Best Hardware Special Prize:

Our project includes several design features specifically engineered for user convenience, automation, and reduced system costs. Our custom housing from aluminum rails and hand made t-slots were designed to give the system a sleek, portable, sturdy exterior that is also cost efficient. The touch screen interface is affixed on the exterior with metal mounting and large degrees of rotation to give the user easy access to the system's functions. We decided to create a custom incubator from acrylic sheet and a reversed cooling chip for better integration into our housing and system. The emphasis our team had on user ease of access is most shown in our three stage filter design. We incorporated both a CNC-milled acrylic filter and a 3D printed design to prevent clogging in our tubing and gave user access through a removable filter sheet design. All of these factors piece together to give the user freedom to make changes easily. Our sensing and regulation tanks allow for replaceable sensors - all made possible from 3D printed sensor holders and a removable lid. While the hardware of our project was something we had a keen focus on, our success really came from our focus on user convenience, easy access, and low system cost.

Figure 1: Our hardware device, from its housing to its electronics

System Automation:

The heart of our project are the various microcontrolers and electronics that make our system automated and seamlessly function as one device. This wasn't something we sought out to achieve but instead naturally accomplished as we focused heavily on our users needs. To make a system less reliant on lab personel and easy to operate by new users, we used three Arduino boards and one Raspberry Pi to control the many peristaltic pumps, on/off valves, mixing fan and other features. With liquid passing through every corner of our product and various electronics controlling the entire process, the user can view the progress through our user-friendly webb app interface without having to worry about controlling each individual function. We tested each function’s individual code and connected these different parts together in the electronics section of our housing. The perforated aluminum sheet gives the exterior a clean design while providing sufficient cooling for the heat generated by the various microcontrollers. Our device combines the fields of synthetic biology and engineering - all exemplified through our system automation.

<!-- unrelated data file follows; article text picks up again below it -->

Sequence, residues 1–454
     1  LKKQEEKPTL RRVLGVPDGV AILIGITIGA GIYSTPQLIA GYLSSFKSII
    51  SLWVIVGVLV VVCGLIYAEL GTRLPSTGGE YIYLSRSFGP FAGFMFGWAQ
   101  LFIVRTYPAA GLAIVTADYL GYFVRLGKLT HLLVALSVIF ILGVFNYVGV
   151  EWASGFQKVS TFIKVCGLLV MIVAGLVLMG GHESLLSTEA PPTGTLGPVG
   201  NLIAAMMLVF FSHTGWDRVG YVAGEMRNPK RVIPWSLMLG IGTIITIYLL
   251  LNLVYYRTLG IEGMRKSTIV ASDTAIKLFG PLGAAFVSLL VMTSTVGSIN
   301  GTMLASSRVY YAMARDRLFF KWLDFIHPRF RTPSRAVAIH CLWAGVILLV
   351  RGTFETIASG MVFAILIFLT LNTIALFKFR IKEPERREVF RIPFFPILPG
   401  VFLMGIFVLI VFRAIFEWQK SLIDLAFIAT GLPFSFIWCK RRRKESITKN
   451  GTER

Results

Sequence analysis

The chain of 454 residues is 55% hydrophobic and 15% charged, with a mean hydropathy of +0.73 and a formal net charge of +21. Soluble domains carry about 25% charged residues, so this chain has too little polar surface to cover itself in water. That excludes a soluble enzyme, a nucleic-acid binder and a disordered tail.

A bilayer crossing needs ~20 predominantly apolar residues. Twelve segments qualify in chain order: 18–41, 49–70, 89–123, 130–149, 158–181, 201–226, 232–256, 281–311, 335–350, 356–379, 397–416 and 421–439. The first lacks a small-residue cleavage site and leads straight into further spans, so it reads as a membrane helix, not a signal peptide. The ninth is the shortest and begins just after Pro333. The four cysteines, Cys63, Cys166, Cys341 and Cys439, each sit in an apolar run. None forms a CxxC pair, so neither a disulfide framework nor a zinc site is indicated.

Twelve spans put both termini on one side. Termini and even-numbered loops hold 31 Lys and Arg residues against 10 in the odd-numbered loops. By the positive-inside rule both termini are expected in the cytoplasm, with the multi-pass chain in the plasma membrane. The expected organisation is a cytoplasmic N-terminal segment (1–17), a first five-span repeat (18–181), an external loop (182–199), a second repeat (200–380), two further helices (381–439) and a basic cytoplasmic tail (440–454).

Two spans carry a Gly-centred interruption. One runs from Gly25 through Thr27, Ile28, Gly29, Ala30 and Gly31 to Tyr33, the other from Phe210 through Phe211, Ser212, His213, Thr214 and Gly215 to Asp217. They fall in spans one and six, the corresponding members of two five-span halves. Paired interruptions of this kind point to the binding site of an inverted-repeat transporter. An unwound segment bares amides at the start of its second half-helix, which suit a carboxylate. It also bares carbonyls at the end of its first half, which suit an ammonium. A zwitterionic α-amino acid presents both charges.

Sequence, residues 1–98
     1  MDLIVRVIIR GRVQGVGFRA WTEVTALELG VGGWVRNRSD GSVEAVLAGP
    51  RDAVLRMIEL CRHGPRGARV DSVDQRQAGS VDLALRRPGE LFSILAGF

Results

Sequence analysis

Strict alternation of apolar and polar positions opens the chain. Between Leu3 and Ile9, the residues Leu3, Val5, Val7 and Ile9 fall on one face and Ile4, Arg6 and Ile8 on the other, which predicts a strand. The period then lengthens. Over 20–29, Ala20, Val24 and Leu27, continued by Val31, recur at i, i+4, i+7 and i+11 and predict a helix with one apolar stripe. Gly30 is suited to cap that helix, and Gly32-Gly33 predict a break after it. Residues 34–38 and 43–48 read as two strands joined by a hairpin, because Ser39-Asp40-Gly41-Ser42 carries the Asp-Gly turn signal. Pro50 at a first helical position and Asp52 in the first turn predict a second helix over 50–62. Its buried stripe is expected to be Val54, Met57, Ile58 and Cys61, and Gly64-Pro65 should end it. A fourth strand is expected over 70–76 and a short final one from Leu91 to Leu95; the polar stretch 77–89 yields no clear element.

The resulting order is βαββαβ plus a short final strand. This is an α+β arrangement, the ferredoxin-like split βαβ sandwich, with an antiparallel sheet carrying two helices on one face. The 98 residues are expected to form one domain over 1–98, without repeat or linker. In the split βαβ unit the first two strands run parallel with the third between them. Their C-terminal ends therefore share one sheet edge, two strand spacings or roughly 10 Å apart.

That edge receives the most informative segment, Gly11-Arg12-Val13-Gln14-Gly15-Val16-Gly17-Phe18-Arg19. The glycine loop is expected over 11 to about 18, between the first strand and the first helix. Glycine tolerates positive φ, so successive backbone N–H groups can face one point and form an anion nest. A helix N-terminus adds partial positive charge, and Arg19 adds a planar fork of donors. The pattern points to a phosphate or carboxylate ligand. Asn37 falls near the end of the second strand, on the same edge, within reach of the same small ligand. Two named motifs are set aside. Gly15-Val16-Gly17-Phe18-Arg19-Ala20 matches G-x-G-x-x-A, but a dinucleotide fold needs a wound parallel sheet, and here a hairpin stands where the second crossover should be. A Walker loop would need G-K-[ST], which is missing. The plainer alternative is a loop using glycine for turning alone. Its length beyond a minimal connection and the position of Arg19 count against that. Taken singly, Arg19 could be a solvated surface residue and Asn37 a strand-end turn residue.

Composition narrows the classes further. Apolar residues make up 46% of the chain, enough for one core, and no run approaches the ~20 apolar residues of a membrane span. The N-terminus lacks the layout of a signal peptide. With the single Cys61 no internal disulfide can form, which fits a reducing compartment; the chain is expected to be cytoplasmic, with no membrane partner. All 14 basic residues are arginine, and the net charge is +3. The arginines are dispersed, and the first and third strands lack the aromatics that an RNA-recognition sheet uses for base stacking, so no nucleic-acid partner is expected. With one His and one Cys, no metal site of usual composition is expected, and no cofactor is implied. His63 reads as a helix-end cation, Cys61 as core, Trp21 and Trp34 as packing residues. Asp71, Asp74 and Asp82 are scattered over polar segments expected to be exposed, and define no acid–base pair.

Figure 2: The AM1's Raspberry Pi, the brain of its hardware

Small Footprint:

Housed in 25mm aluminum rails and acrylic sheet, our project housing portrays our focus on design, engineering, and accessiblity. From the initial water tank that incorpoates replacable filter sheets to the easy modification of liquid sensors in the regulation tanks, our design allows the user to test water or biosensors without a lengthy set up process. We decided to fabracate a filtration process that uses standard chemistry filter paper because of the easy accessbility and low costs that come with this product. The variablity in industry sheets also allows users to choose the magnitude of filtration - all dependent on the filter paper they use. Instead of engineering a complex design, we developed our system with the users needs in mind. On the other side of the aqautic environments are the two microfluidic chips, custom incubator, and fluigent pressure pumps all housed on a two-level custom made arcylic shelving. To hold the chips and incubator in place, we machined incisions for them in the acrylic shelves using CNC-mils. We went this route to allow for portability of the system without the interior functions getting damaged or disassembled. The true extent of our hardware success is shown through the custom incubator. Standard incubators require their own power source and are bulky in design. To reduce overall interior dimensions and continue the focus of portability, we used a reversed cooling chip with acrylic sheet housing to make a small design that could also be controlled by an arduino board.

Figure 3: The components of the AM1 housed in a simple, yet compact manner

Below you can see pictures from the various stages of our hardware design and manufacturing process

Building the Hardware
Deciding the Layout
The modularity of the device required several iterations of layout for the most efficient transfer of materials
Building the Hardware
Assembling the Frame
The enclosure for the AM1 is being assembled
Building the Hardware
Assembling the Frame
Side profile of shelf locations and more frame supports
Building the Hardware
Aluminum Vent
Drilling perforations in an aluminum sheet to provide ventilation for the electronic components
Building the Hardware
Shaping the Shelf
Cutting shelves out of acrylic sheets to hold and organize all the components required for the AM1